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Mitt Romney Knew About The Brewing Mali Conflict Before You Did

The Republican was mocked for bringing it up during a debate.

Posted on January 15, 2013, at 12:19 p.m. ET

After France's military intervention in Islamist-controlled northern Mali over the weekend, the North African country has become a hot topic in the news. But one man was introducing the problems in Mali to a mainstream audience before most other politicians and commentators: Mitt Romney.

During the third and final presidential debate, which focused on foreign policy, Romney slipped in an aside about Mali that attracted some derision on Twitter at the time, but now looks wise in retrospect.

With the Arab Spring, came a great deal of hope that there would be a change towards more moderation, and opportunity for greater participation on the part of women in public life, and in economic life in the Middle East. But instead, we've seen in nation after nation, a number of disturbing events. Of course we see in Syria, 30,000 civilians having been killed by the military there. We see in -- in Libya, an attack apparently by, I think we know now, by terrorists of some kind against -- against our people there, four people dead.

Our hearts and -- and minds go out to them. Mali has been taken over, the northern part of Mali by Al Qaeda type individuals.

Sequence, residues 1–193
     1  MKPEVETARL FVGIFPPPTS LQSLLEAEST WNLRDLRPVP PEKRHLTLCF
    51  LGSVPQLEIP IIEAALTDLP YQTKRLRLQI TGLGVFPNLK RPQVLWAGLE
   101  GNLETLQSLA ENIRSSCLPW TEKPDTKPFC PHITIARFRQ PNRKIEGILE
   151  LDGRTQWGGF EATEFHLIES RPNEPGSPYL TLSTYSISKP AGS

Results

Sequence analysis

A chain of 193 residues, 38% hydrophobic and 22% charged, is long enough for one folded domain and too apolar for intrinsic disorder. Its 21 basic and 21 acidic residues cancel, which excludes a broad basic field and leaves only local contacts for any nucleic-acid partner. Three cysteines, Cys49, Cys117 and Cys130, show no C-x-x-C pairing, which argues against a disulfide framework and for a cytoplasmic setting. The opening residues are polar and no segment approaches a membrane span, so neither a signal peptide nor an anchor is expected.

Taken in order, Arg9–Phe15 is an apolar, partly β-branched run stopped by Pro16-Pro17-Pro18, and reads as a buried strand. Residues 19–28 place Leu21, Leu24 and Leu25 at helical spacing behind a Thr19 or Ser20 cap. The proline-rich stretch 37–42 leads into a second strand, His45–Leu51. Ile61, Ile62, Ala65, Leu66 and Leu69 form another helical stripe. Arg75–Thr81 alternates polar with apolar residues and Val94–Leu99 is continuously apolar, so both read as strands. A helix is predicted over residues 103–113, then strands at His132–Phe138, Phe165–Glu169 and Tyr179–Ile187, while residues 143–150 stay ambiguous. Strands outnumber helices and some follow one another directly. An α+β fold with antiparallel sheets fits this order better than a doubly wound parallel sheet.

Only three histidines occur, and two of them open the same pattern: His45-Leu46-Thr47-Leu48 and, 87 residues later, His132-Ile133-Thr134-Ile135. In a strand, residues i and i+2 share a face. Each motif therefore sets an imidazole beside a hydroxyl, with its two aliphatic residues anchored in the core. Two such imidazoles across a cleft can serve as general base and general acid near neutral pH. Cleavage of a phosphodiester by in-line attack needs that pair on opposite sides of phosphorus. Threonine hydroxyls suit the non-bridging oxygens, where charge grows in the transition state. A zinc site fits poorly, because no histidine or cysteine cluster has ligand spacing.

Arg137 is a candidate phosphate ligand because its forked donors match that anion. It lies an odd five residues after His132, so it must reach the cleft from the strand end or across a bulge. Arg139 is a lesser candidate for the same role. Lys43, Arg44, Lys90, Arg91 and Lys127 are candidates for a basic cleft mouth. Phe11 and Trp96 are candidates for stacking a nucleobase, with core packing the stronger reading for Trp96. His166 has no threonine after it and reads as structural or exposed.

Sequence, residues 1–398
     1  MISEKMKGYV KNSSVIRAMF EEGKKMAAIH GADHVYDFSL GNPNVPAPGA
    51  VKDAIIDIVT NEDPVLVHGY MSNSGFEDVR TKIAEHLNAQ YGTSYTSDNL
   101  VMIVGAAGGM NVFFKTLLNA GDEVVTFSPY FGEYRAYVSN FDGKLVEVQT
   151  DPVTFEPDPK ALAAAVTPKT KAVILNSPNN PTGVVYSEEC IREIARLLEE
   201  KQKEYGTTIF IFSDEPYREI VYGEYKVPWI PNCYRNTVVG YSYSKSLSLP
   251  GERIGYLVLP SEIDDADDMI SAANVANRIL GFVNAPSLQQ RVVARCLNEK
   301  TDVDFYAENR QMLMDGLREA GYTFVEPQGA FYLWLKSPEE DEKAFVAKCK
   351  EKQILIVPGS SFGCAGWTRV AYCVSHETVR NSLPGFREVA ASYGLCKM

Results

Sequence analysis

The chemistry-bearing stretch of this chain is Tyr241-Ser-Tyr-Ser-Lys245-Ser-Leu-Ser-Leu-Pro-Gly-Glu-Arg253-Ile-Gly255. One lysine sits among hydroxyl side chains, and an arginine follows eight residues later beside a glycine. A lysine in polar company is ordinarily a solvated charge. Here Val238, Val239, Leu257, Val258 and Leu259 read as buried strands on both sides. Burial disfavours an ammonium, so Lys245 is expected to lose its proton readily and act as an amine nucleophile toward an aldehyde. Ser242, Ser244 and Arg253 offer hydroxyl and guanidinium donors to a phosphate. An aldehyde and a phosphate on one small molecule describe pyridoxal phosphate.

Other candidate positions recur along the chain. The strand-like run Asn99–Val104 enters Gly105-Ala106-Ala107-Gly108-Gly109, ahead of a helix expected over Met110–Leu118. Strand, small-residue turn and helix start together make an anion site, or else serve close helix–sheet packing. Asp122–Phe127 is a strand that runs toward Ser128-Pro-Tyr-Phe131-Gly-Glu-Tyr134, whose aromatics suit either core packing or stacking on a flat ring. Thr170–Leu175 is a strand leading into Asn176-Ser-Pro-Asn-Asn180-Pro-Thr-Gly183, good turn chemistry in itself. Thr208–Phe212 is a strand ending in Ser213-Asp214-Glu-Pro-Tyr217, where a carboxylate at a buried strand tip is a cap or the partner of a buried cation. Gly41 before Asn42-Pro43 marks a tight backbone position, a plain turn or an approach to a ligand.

At the time of the debate, Romney was receiving intelligence briefings from administration officials, a tradition for the presidential nominees that begins after their nominating conventions.

A former Romney advisor told BuzzFeed that Mali came up "repeatedly" in briefings by the campaign's foreign policy team and in debate prep.

Northern Mali has been under the increasing control of three hardline Islamist groups since the spring and summer of 2012, but the situation became front page news worldwide when French troops entered Mali over the weekend at the behest of the Malian president.

A BuzzFeed News investigation, in partnership with the International Consortium of Investigative Journalists, based on thousands of documents the government didn't want you to see.

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